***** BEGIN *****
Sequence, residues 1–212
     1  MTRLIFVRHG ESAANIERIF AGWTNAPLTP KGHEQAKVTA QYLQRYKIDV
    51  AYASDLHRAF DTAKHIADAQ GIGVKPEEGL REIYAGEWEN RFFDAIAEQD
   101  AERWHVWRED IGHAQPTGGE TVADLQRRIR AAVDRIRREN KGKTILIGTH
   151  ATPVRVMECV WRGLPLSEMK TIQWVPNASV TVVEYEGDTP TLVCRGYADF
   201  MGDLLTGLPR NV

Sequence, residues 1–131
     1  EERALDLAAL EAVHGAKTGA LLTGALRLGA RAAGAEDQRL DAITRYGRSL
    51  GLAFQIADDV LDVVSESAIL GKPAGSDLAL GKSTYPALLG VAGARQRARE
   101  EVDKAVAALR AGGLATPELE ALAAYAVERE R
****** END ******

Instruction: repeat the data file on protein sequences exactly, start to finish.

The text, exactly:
Sequence, residues 1–212
     1  MTRLIFVRHG ESAANIERIF AGWTNAPLTP KGHEQAKVTA QYLQRYKIDV
    51  AYASDLHRAF DTAKHIADAQ GIGVKPEEGL REIYAGEWEN RFFDAIAEQD
   101  AERWHVWRED IGHAQPTGGE TVADLQRRIR AAVDRIRREN KGKTILIGTH
   151  ATPVRVMECV WRGLPLSEMK TIQWVPNASV TVVEYEGDTP TLVCRGYADF
   201  MGDLLTGLPR NV

Sequence, residues 1–131
     1  EERALDLAAL EAVHGAKTGA LLTGALRLGA RAAGAEDQRL DAITRYGRSL
    51  GLAFQIADDV LDVVSESAIL GKPAGSDLAL GKSTYPALLG VAGARQRARE
   101  EVDKAVAALR AGGLATPELE ALAAYAVERE R